Can Yeginsu spoke at the Council of Europe’s 3rd Conference on Democracy and Human Rights
On Thursday 5 May, the 3rd European Conference on Democracy and Human Rights took place in Kristiansand, Norway, hosted by the Council of Europe. Can Yeginsu spoke in his role as the Deputy Chair of the High Level Panel of Legal Experts on Media Freedom, on a panel session entitled: ‘Protecting the European Order: How can we expect rules to be respected when judgments of breaches of these rules are not properly implemented.’
Can stated: “A lot of our work as an independent expert Panel, convened by the 52 member states of the Media Freedom Coalition, is to think about how and what states can do to give effect to their obligations under Article 19 of the ICCPR, by reference to concrete measures. When we are talking about concrete measures, we are talking about implementation. A lot of our work in our first two years has been around turning those obligations on paper into concrete measures that states can take. These are states, of course, that are willing to take steps. We have done work in safe refuge for journalists at risk, enhancing consular protections, putting together an international task force to protect journalists, and of course sanctions against states. The golden thread through all of this work has been implementation.”
Other speakers on this Panel include:
- Keynote Speaker, the Minister for European Affairs of Ireland, Thomas Byrne;
- Assistant Secretary General Thibbaut Bruttin, Reporters Sans Frontières;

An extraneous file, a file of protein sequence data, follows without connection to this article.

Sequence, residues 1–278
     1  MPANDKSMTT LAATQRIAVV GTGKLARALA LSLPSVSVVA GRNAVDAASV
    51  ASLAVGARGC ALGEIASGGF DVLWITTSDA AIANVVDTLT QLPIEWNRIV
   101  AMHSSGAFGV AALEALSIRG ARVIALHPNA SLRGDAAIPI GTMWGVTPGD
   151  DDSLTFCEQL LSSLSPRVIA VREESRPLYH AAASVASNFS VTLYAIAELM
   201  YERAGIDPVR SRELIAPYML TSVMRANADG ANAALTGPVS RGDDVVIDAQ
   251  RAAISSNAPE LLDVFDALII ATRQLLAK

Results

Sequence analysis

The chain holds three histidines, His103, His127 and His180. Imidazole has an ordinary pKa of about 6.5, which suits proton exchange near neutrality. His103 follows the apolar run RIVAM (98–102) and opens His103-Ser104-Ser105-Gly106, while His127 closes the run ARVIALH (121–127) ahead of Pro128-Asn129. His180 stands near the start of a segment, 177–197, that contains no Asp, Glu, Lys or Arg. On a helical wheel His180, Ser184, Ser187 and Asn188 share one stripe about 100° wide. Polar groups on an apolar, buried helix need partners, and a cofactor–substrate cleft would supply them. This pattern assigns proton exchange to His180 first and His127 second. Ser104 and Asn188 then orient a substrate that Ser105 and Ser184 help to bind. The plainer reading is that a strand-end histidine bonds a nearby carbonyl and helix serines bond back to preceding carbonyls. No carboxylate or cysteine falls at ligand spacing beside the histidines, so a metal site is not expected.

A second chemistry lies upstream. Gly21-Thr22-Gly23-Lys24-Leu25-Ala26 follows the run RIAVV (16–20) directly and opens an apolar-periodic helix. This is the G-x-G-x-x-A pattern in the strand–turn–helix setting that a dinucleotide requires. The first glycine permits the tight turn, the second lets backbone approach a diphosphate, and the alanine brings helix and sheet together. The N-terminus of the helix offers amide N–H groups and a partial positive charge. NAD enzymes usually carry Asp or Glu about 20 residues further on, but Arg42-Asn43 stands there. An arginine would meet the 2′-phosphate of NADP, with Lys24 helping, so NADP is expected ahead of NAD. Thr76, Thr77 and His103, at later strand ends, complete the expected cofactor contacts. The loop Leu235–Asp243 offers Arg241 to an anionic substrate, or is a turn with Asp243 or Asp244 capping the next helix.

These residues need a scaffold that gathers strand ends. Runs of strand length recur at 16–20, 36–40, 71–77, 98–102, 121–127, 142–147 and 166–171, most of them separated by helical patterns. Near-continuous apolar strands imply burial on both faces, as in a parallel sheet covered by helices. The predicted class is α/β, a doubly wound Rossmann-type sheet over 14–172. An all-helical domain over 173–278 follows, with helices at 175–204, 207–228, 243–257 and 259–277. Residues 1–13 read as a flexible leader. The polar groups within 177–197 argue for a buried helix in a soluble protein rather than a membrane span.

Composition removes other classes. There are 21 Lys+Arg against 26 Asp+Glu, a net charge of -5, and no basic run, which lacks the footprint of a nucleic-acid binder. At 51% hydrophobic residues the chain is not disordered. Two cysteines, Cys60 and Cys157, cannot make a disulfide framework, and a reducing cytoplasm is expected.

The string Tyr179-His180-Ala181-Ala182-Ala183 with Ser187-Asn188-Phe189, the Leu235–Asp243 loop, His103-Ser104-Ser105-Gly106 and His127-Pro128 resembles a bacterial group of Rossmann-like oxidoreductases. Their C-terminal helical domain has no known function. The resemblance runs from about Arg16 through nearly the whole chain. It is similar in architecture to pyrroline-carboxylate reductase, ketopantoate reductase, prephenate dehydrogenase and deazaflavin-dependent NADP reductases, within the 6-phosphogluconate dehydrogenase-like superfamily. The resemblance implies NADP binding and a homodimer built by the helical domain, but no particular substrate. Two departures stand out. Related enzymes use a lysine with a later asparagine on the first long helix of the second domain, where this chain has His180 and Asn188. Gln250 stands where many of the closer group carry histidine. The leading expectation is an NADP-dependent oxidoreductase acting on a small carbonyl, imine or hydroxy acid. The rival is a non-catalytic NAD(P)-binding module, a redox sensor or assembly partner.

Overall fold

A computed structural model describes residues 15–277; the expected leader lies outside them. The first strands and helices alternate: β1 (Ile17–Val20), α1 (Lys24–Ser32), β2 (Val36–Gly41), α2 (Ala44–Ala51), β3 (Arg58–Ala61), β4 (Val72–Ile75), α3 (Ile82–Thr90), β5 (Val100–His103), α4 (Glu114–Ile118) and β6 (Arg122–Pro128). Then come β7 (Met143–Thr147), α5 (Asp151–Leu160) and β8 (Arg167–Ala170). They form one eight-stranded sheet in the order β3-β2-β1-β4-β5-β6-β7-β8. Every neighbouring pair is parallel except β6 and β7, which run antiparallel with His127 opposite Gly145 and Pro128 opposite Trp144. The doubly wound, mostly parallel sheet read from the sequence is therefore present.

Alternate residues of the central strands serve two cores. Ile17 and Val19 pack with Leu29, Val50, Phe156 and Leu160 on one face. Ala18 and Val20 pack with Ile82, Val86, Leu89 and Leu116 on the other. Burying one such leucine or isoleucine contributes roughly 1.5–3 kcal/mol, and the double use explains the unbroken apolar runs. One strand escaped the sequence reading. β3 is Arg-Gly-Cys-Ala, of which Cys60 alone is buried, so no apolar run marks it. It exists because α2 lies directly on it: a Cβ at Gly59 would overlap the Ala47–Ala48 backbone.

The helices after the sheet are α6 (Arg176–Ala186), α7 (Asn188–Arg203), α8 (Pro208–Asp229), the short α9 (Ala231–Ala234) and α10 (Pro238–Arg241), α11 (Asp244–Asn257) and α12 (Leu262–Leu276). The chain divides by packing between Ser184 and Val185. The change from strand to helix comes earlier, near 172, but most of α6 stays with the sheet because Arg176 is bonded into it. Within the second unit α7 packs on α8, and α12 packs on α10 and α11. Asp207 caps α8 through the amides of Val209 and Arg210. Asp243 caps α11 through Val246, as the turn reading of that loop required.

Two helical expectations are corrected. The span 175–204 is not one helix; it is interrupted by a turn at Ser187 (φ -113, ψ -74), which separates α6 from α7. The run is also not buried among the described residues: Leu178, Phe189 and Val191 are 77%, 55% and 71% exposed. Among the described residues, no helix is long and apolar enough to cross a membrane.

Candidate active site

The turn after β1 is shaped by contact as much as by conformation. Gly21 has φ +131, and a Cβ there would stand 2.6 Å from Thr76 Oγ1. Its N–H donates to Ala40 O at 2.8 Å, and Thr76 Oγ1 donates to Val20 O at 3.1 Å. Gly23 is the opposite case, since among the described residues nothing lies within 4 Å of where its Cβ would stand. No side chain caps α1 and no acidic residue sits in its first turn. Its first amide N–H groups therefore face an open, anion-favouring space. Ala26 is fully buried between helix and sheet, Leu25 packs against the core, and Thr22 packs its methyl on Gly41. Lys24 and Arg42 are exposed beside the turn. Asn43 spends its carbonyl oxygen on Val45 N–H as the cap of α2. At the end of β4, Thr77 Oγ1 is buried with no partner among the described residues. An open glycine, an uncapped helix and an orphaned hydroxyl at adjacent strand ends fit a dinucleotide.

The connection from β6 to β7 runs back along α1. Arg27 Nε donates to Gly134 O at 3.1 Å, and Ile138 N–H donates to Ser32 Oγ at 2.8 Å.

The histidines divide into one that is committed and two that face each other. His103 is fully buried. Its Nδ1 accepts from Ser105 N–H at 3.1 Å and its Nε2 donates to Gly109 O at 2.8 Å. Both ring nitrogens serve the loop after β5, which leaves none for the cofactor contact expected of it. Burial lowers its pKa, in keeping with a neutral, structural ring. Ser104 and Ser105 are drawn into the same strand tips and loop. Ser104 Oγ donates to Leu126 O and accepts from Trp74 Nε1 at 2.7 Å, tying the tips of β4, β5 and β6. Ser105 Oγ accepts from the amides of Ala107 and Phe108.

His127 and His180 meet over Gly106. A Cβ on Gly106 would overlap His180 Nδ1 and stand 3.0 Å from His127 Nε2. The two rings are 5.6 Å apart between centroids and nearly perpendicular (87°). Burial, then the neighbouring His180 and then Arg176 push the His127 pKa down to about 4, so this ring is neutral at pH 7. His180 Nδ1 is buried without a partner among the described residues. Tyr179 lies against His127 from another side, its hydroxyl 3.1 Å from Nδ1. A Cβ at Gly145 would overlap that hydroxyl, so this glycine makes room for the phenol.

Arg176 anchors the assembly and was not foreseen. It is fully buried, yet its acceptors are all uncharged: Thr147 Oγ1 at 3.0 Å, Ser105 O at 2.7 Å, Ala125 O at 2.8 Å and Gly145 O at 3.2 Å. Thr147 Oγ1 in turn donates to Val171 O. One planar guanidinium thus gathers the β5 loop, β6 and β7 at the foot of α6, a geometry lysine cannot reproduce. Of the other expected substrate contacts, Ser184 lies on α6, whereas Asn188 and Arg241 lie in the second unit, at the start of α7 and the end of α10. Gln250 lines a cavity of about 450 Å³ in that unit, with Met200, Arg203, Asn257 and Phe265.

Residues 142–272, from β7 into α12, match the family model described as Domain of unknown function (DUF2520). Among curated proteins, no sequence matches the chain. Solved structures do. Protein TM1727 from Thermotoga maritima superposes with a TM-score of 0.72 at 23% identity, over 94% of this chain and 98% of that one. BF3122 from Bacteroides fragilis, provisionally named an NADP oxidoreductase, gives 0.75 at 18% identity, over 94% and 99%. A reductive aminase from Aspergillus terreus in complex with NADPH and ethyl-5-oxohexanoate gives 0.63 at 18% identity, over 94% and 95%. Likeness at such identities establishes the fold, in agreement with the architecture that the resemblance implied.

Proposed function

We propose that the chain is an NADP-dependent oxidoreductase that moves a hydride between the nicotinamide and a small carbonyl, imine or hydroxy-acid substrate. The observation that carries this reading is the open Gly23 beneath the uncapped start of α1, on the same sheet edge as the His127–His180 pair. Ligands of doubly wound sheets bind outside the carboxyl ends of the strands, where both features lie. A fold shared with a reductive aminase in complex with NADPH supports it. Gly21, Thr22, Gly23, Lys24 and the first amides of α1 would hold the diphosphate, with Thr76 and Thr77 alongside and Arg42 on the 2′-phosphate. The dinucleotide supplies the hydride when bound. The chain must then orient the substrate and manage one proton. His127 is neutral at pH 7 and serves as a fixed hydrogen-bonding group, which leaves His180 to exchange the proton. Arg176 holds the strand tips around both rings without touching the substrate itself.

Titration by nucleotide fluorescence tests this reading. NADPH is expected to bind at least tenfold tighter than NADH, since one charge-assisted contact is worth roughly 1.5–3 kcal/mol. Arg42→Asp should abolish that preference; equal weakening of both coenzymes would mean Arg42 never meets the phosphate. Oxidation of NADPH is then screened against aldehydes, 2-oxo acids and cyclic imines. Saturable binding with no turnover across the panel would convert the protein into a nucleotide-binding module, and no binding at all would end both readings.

- Media Freedom Representative William Horsley, Association of European Journalists;
- Former Prime Minister of Norway and SG of the Council of Europe, Thorbjørn Jagland; and
- Former Judge of the European Court of Human Rights and the Supreme Court of Norway, Erik Møse.
The debate among the panellists considered how to close the implementation gap. Can Yeginsu agreed with statements from Prime Minister Jagland and Judge Møse that the implementation gap is not new. Can commented, “when you look at the jurisprudence of the European Court of Human Rights under Article 18, you will see a great deal of activity in the last decade, and you will see very little activity in the three decades that proceeded. That is a stark sign in the direction of travel in relation to certain states. As the former Prime Minister pointed to, if you have, for example, an order from a court for the release of an individual, and the individual is not released, that is not an implementation gap. That is a crisis for the system. If you start allowing that sort of behaviour, those sorts of red lines to be crossed, that will lead to more states, unfortunately, being willing to cross those red lines.”
Further information about the Conference on Democracy and Human Rights is available here.